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Fears for airport jobs as staff snub switch to second terminal

A small number of staff offered lump sums of up to €32,500 to move to Dublin Airport's new terminal are expected to apply by a deadline today.

Sources reveal that the equivalent of around 30 full-time staff at Terminal 1 have submitted applications to work in the new €600m state-of-the-art building at Dublin Airport.

But fears are growing that there may be compulsory redundancies if the Dublin Airport Authority (DAA) does not get 100 full-time workers at the older terminal to transfer to the newly built one.

It wants this number to move because the staff will be considered 'surplus' as a result of plans to move 40pc of passengers from Terminal 1 to the new one, when it opens in November.

The surplus staff, who work in the Airport Search Unit, have been offered severance deals of between €4,000 and €32,500, depending on the amount of hours they work a week.

But their pay will be slashed by around 6pc and they will be on poorer terms and conditions under new contracts at Terminal 2.


The Irish Independent previously revealed that existing pay at the DAA would have to be slashed if it wanted to run the terminal.

The Commission for Aviation Regulation has set upper limits for wages which are tens of thousands of euro below the rates the airport authority pays.

Current pay rates for some positions are almost €20,000 a year more than those set by the regulator.

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For instance, a security supervisor paid up to €57,414 in Terminal 1 can only be paid up to €37,760 in Terminal 2, according to the regulator.

Transport Minister Noel Dempsey has cleared the way for the state-owned airport management company to operate the terminal -- if it meets the regulator's targets -- and he has given the DAA until next month to show it can keep within these parameters.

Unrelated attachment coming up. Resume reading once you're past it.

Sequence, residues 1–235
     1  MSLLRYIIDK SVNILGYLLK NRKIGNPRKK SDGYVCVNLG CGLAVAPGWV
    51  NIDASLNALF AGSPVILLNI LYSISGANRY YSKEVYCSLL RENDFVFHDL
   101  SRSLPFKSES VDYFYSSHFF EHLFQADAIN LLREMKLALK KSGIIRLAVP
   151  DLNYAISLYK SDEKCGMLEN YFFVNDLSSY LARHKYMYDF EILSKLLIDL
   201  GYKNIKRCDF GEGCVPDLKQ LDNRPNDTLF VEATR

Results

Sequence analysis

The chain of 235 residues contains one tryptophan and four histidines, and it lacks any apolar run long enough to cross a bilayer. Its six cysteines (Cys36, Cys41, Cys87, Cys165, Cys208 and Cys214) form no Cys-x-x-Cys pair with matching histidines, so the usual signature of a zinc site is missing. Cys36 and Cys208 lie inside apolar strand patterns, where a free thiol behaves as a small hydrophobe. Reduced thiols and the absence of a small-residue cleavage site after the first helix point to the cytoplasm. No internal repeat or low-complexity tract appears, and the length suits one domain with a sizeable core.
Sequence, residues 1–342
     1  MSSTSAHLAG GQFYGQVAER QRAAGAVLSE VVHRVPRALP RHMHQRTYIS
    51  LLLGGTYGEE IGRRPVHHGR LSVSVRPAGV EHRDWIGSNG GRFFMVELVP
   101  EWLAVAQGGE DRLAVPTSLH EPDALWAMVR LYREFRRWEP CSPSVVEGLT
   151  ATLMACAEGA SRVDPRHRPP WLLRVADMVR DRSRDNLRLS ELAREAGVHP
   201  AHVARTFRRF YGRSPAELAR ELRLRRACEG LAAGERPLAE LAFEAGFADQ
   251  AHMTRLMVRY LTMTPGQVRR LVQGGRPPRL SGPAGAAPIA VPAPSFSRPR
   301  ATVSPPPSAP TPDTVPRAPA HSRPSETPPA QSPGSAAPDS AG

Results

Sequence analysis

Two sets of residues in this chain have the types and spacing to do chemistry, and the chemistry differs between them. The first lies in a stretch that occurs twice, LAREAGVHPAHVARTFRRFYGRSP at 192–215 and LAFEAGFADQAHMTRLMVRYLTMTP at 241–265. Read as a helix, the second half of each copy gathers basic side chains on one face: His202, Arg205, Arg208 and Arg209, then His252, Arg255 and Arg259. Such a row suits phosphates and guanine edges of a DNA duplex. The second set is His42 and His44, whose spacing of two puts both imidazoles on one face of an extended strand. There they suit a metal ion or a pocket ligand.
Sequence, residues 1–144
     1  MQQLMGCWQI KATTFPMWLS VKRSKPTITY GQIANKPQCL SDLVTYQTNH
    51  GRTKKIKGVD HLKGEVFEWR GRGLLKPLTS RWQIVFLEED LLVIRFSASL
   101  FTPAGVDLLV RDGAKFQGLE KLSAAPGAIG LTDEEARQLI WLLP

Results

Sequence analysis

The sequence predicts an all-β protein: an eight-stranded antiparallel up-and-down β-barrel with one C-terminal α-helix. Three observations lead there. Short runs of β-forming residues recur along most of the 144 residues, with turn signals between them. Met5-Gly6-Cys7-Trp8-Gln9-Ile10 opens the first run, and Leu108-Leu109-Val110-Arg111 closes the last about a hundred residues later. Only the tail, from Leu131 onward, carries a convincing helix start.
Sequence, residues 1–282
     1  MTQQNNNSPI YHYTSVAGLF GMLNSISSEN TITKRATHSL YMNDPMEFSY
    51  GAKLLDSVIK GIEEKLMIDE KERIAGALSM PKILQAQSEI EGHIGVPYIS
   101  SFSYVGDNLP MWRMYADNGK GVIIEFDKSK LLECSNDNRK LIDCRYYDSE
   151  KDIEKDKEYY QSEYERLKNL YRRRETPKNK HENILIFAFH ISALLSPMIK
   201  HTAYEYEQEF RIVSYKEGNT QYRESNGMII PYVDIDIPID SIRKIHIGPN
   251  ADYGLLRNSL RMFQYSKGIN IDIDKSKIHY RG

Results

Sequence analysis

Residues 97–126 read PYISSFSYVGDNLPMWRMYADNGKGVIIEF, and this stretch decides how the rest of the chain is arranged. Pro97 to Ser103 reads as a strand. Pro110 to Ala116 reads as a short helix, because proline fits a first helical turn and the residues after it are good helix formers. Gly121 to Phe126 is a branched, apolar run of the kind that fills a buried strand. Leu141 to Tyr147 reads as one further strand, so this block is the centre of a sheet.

He warned that "alternative arrangements" will be made if costs are not met.

The low level of applications among existing staff to work at Terminal 2 will cause problems for unions as it could effectively lead to compulsory redundancies if the DAA offers all of the jobs to new recruits.

Sources said that 55 staff had applied to move to the new terminal, but some are part timers, so the figure only equates to roughly 35 full-time staff, or a third of the required numbers.

It is understood that most of the applications have been put in by members of the 61 fixed-term contract staff in the search unit, but few permanent staff have been tempted to apply.

The DAA will employ more than 700 staff at the new terminal, and if 100 of these come from the old one, this means that up to 600 new jobs will be created.

New roles will be broader than those at Terminal 1, divided into four staff sections; catering for passengers, operations (including cleaning and collecting trollies), retail and maintenance.

A SIPTU dispatch to members on the overstaffing issue at the old terminal reveals that the DAA has informed the union that it intends to set up a subsidiary company called DAA T2 to operate the new terminal.

"If the surplus number is not achieved, we will obviously have serious problems come late October," it says.

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